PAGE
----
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I dont put spice in the sausages anyway, and thanks to Jackie Clay I'm aware of the sage n spice issue. Was just hoping someone else canned sausages or patties, wanted to hear someone elses ideas. Though those little weiners sound good to eat right now lol.

I think I'll try presure canning them to see if they blow up lol or mushroom out like they do when you over cook them...
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  #4  
Old 02-12-2011, 07:19 AM
NCLee NCLee is offline
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Prick the casing or cut off the ends to keep them from "blowing up".

I used to buy a canned link sausage in a great broth. For the life of me I can't remember the name of it. The links had been cut into pieces about the length of a vienna sausage. Dump the sausages and broth in a pan and heat. Sop up the broth with a biscuit. Yummmm..... good sopping!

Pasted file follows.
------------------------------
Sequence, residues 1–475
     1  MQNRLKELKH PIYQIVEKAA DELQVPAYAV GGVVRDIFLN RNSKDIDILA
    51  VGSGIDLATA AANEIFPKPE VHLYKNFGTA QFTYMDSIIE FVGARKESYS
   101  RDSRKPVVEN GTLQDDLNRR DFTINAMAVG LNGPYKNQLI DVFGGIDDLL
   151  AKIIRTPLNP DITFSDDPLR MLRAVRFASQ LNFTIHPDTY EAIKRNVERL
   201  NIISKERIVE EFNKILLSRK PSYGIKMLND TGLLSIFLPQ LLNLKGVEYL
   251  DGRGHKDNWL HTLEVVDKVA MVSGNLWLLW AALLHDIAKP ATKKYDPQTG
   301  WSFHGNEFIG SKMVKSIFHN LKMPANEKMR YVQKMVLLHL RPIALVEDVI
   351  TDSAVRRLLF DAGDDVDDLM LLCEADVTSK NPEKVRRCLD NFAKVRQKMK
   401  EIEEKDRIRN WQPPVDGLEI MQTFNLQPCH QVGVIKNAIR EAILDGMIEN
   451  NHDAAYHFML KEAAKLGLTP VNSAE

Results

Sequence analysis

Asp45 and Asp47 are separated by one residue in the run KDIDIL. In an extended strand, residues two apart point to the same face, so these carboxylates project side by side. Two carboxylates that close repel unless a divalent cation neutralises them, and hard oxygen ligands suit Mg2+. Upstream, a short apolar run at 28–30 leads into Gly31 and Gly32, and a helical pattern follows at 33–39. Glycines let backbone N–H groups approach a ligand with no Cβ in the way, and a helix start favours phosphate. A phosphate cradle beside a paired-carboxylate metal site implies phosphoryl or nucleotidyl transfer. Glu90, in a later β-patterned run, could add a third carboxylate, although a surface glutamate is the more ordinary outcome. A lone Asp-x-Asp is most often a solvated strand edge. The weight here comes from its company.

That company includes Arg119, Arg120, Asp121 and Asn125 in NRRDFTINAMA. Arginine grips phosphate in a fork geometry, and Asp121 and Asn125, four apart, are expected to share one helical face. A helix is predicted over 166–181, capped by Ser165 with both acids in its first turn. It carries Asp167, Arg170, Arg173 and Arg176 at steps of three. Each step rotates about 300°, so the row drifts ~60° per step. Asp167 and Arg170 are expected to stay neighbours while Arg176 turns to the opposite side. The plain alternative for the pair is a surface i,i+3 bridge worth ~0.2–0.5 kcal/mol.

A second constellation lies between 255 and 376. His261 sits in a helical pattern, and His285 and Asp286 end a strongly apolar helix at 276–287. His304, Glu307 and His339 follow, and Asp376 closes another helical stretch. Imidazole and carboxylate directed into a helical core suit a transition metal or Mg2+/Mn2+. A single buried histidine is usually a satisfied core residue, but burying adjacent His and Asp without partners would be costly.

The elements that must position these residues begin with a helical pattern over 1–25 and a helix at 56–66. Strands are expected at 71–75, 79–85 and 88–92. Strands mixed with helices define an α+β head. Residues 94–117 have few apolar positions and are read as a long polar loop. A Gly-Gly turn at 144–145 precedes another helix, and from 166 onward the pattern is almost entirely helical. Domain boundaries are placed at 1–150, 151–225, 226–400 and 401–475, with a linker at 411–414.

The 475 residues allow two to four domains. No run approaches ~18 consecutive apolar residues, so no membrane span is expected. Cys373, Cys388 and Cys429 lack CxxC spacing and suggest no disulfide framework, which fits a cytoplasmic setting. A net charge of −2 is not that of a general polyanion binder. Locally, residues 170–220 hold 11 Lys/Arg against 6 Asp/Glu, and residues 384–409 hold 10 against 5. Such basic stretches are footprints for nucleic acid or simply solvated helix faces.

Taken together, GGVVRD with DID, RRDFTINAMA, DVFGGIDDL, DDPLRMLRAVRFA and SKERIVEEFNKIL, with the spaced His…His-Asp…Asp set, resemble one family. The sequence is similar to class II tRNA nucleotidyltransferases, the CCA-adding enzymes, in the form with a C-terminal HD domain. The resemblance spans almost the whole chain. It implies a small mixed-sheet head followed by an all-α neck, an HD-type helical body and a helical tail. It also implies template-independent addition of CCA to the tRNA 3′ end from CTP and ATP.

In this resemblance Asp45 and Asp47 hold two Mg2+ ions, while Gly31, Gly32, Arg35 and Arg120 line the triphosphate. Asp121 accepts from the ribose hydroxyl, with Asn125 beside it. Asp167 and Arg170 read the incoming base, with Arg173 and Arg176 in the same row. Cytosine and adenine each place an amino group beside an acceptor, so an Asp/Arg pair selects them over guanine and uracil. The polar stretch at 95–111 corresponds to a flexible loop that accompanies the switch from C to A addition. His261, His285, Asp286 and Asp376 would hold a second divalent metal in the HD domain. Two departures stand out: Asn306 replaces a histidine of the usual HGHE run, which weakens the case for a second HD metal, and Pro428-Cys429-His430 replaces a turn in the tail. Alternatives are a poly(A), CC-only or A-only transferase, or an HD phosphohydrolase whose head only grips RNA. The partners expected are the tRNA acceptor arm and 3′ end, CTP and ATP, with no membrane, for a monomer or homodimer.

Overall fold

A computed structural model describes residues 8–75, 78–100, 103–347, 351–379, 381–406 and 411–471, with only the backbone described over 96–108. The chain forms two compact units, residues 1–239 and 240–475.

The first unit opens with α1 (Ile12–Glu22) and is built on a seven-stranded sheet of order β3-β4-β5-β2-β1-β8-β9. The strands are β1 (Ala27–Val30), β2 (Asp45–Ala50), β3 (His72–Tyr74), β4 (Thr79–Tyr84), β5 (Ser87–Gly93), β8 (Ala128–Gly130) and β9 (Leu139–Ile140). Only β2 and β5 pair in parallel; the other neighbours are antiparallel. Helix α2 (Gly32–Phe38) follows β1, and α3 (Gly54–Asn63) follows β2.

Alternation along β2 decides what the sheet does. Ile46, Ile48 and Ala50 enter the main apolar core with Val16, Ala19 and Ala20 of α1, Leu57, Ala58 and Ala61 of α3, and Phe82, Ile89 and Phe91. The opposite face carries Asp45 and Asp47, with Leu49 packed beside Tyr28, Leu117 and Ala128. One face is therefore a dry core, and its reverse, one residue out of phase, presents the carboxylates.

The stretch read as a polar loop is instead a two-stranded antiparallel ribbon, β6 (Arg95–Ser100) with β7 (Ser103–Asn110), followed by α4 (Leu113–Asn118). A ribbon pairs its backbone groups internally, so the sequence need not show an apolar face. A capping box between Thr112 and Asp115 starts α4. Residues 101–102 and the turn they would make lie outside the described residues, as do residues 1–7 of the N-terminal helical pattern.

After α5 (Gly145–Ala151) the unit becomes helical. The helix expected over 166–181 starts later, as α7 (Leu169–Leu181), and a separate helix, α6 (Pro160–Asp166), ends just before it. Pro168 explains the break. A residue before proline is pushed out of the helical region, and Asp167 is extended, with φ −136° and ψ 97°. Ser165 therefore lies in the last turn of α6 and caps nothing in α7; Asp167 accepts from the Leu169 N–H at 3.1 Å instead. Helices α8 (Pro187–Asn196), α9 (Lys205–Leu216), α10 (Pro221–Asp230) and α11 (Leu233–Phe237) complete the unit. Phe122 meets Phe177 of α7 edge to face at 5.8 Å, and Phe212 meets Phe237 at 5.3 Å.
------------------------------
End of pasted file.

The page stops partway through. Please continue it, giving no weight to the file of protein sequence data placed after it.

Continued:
I think it's still sold. It'll be in the canned good section with other canned meats. Had to stop buying due to the salt content. If I can remember, I'll check the next time I'm at the store. Buying a can of these could be a guideline on how to do a variation at home. (How to cut, spices, etc.)

Re: canning bulk sausage. My Mom used to do it. Yuk. What I'm about to tell you is NOT recommended. I don't think you'd want to do it anyway from a flavor and quality standpoint.

She fried up pork sausage patties, until well done. Stacked the patties in a jar. Poured the hot sausage grease over them. Turned the jars upside down so the hot grease could seal the jars. Jars were not turned rightside up until the next day after the grease was congealed.

Later, the patties were fished out of the globs of grease and "fried" again until they here heated through. Results were greasy and way over cooked. About the only thing it was good for was to flavor sausage gravy biscuits. And, it wouldn't keep long because the grease would go rancid.